Two apps you might want to try out for creating visual representations of vocabulary words are PicCollage Kids and IPEVO.

PicCollage Kids
Students can create vocabulary posters in PicCollage Kids that includes images that represent the words, text for definitions in their own words or sentences that use words, and even stickers that might add to the meaning in some way.

Have students share their word posters in Vocabulary Discussions on Schoology, or AirPlay and present to the class.  

If you're unfamiliar with PicCollage Kids, this video will give you a good overview.
IPEVO is a whiteboard app that allows for students to create simple drawings, insert and annotate pictures and create recordings.  Students who are visual and auditory learners could benefit from using this app by creating a visual representation of the word and then record discussing it.

These recordings could be shared with the class through AirPlay, in small groups, or again, through Schoology Discussions.

IPEVO Basics


Modification/Applying, Analyzing & Evaluating
For Modification level activities that allow students to not only apply their understanding of the vocabulary words but also work towards more collaboration and even evaluating their understanding, students can make use of tools like PowerPoint and Superhero Comic Book Maker.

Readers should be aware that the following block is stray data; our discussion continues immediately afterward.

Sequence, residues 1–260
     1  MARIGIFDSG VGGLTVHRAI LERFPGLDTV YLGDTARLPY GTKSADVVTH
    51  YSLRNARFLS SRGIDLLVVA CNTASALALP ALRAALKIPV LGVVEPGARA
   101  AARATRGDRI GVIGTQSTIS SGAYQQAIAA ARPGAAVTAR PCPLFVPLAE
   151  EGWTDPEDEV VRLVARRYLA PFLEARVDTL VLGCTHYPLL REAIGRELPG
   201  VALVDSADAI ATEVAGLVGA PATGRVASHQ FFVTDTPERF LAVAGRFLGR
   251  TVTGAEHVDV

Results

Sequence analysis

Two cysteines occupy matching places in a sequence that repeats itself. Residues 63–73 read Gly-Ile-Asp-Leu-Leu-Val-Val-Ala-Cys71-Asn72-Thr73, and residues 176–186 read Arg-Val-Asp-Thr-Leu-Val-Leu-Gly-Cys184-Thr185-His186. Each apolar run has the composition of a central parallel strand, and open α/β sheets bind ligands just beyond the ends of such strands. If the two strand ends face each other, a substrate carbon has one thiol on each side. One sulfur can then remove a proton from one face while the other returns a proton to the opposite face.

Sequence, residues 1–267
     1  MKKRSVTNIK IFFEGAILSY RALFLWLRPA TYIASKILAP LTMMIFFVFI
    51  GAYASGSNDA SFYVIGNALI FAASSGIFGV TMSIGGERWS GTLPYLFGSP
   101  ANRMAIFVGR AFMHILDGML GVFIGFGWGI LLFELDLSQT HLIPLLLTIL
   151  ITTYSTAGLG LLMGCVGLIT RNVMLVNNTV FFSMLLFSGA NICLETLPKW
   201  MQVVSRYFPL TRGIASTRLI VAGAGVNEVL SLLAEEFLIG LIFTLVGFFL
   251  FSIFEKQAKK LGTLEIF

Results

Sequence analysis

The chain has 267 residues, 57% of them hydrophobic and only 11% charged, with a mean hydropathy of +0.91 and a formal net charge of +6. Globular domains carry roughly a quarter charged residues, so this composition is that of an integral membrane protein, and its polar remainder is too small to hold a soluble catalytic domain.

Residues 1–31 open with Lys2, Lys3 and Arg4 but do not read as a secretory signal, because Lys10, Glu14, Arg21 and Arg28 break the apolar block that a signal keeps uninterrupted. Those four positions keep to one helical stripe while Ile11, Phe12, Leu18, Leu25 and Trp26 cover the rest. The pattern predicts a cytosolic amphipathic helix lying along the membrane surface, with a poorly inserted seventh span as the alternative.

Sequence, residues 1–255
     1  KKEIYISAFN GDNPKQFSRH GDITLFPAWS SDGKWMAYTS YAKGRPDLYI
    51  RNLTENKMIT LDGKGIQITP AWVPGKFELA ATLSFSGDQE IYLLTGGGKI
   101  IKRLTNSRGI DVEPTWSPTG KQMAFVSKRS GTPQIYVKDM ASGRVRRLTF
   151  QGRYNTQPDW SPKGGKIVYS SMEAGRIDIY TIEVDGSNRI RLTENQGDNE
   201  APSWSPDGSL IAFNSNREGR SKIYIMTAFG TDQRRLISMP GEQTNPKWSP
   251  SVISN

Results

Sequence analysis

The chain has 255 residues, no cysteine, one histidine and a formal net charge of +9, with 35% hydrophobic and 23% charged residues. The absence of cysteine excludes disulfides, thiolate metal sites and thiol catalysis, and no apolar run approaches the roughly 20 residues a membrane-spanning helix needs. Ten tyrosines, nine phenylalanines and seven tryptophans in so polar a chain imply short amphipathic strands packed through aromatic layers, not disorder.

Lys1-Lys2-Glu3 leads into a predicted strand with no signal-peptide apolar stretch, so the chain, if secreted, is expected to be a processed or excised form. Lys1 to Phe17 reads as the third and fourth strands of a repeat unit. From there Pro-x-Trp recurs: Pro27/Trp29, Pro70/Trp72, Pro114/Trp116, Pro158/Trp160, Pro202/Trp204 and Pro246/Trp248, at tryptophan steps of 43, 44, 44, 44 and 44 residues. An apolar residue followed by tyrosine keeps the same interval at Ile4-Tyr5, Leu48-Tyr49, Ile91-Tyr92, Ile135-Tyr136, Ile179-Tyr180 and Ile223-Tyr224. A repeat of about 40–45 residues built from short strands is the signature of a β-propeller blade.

PowerPoint Study Decks

PowerPoint can be used for much more than a presentation tool.  Students can use it to engage in all of the Marzano vocabulary strategies through an Interactive Notebook concept.  You can find out more about how to use the Interactive Notebook strategy PowerPoint: More than a Presentation Tool. You can find the template for the Vocabulary Interactive Notebook in the FTIS EdTech Schoology Group or as a file available for download here.

Using PowerPoint graphic organizer templates based on Marzano strategies, students can add text boxes or handwritten notes of definitions, synonyms and sentences.  They can import pictures, videos that review the words and through add-ins, create their own multiple choice quizzes.

Check out how to use the PowerPoint Add-In for creating Multiple Choice Quiz checks below:

See how to access the notebooks on our Schoology Group here:

As a differentiation strategy, students can create "Study Decks" for other students and share with the PowerPoint share feature - or on a Schoology Discussion.

Students can also collaborate on a study deck by inviting other students to edit using the "Invite People" icon.

Superhero Comic Book Maker
To really have students engage in using the vocabulary in context to demonstrate their learning, students could write an original story in panels and include audio recordings with Superhero Comic Book Maker.

Have students use the drawing tools or the letter stickers to spell out the vocabulary word they are featuring in the panel or the scene of the storyWhen they are finished with each scene, they can put the scenes together into a video.  See the how to video below for an overview of how it works.

See how this app works here:


Those are just a few of the ways that you can integrate technology into student vocabulary work with an eye on Marzano's best practices.  In what ways do you use technology with vocabulary?